Elderly people abused by carers in their own homes

According to a newly published report, as many as half of all care workers are failing to provide proper care for the elderly. Shocked politicians say the system needs urgent reform.

Ignored, abused, starved and robbed: this may sound like the treatment of criminals in 19th Century jails, but in fact this is a list of some of the ills suffered by elderly people at the hands of their care workers in Britain right now.

In a newly released report, the UK’s Equality and Human Rights Commission has criticised the council-funded care that is provided for elderly people in their own homes, saying that it breaches senior citizens’ human rights.

The report, titled Close to Home, is a catalogue of neglect and abuse suffered by elderly patients. Carers deliberately placed food and drink out of patients’ reach, were rude to their ‘clients’, and in extreme cases, attacked or stole from them. The privacy of elderly people was routinely ignored. Many were left depressed and tearful, in some cases saying they wanted to die.

The Commission claims that there is evidence of ‘systematic failure’ and ‘ageism‘ across the country. And it is not just at-home care that is a problem: back in May 2011, another report criticised hospitals when it found that a quarter of them were not offering satisfactory care to the elderly. Nurses were not providing patients with regular food, drink and medicine, and they forgot to keep up with other important tasks like weighing patients and checking that they were kept hydrated. Hospital staff were also failing to explain medical treatments to patients.

Elderly patient care may be worsening because the recession has meant cuts to public services, and there is less money available for councils to fund care workers. Some councils allow care workers rigid 15 minute slots for each home visit, so tasks are being neglected because carers do not have enough time to get everything done.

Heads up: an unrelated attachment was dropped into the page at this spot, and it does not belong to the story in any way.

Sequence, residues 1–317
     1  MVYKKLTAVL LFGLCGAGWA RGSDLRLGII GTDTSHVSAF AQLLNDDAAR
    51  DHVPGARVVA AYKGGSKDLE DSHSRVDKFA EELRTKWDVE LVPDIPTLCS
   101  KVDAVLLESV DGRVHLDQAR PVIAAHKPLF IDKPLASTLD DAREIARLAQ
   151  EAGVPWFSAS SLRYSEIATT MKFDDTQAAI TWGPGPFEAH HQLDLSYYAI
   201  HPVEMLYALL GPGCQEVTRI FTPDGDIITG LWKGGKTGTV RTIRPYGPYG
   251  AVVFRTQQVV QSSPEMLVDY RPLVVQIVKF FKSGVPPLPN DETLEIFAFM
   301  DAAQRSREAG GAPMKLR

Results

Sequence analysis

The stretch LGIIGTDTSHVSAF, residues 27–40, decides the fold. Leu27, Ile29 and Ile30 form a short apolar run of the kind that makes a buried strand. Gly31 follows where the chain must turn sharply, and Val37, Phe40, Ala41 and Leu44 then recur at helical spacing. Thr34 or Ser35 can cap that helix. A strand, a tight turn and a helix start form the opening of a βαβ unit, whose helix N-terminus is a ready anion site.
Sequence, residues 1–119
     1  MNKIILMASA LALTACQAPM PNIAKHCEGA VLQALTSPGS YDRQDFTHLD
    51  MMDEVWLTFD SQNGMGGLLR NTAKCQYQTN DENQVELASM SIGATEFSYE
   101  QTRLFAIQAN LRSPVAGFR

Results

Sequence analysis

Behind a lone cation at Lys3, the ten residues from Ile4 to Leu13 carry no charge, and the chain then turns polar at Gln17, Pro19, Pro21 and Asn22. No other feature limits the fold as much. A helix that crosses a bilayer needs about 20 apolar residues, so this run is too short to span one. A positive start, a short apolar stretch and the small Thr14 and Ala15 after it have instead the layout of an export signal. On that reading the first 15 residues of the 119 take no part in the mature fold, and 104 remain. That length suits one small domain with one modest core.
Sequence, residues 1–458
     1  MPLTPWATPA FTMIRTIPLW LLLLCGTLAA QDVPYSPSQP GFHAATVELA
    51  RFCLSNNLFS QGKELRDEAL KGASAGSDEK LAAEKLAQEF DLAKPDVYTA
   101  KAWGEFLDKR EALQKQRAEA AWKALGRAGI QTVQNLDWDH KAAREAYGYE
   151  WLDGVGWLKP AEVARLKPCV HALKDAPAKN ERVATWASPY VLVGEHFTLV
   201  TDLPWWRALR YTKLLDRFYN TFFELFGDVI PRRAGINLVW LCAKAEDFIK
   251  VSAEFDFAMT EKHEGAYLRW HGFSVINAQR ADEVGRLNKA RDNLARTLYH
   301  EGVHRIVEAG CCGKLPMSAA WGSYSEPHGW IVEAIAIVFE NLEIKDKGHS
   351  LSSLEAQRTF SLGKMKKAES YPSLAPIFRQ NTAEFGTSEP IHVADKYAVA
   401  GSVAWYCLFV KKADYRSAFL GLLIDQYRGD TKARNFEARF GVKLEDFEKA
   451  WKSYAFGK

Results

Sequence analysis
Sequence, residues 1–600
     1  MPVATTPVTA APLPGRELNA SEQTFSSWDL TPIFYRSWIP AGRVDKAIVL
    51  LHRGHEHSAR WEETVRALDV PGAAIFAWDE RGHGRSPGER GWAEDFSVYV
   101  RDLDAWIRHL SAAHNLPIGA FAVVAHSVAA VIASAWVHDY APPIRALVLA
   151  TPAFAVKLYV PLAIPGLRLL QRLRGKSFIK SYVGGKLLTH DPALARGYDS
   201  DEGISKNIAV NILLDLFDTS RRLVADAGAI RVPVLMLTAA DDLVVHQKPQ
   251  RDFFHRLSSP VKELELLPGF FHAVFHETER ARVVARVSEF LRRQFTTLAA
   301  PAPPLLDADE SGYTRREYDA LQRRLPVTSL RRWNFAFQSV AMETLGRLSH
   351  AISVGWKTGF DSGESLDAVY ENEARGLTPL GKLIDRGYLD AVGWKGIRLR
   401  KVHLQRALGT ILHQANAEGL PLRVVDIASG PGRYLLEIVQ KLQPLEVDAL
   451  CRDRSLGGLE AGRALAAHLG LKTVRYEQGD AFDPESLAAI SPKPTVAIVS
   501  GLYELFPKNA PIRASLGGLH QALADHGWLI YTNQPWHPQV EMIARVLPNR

Whose responsibility?

Some people would argue that the real blame for these failures in elderly care lies not with government funded bodies like the NHS, but with the families of the patients. Children and grandchildren should take responsibility for care of their elders, and either take the time to care for them in a hands-on way, or they should employ private nurses out of their own pocket.

On the other hand, what becomes of the most vulnerable senior citizens, who have no remaining family, and may have little money of their own to pay for a care home? If there is no government funding for their care, they will be left completely isolated and may be put at risk. Ultimately, say many in the field, caring for the elderly must remain the responsibility of the state.

You Decide

  1. Should old people be looked after by their families or by the state?
  2. Do you live in an ageist society? What is ageism and what can be done about it?


  1. Who would you like to look after you when you are old? Would you like to stay in your own home or would you prefer to live with other people your own age? Discuss in groups what you think are the most important aspects of caring for people when they need some help.
  2. Have a look at the EHRC’sClose to Homereport. Draw up a list of solutions that you would put forward to raise the standard of patient care for the elderly. For example, should there be independent matrons – who are not employed by the NHS – to advocate on behalf of patients?

Some People Say...

“Looking after the elderly should be the number one priority in any country.”

What do you think?

Q & A

How is elderly patient care related to human rights?
While patients being cared for in hospitals or private care homes may receive bad treatment, they are protected legally by the Human Rights Act, which demands important rights for everyone such as the right to life and the right to be treated with dignity. Patients being cared for at home are not covered by this.
Shouldn’t people be able to expect good treatment anyway?
Some people think that the HRA is useless because human decency should cause us to treat people with respect naturally. Other people see it as an important legal safeguard of those rights.
Do care workers not treat people well because they are not paid enough?
Possibly, as being underpaid can cause people not to care about their work. But a lack of money also means that workers are not given enough time to do their job.

Word Watch

Equality and Human Rights Commission
An organisation that is separate from the government and takes responsibility for the promotion and enforcement of equality and non-discrimination laws in England, Scotland and Wales.
Systematic failure
This phrase suggests that there have been problems across the board in elderly care, and that failings have occurred because there are flaws in the way in which everything is organised.
In economics terms, this is a general slowing down of economic activity. This leads to fewer jobs being available, lower home values, rising food prices, and public debt.
The National Health Service. In Britain, this is a publicly funded organisation that provides free healthcare to all UK residents.
Prejudice or discrimination against people because of their age. People may be marginalised or abused because they are considered too young or too old.


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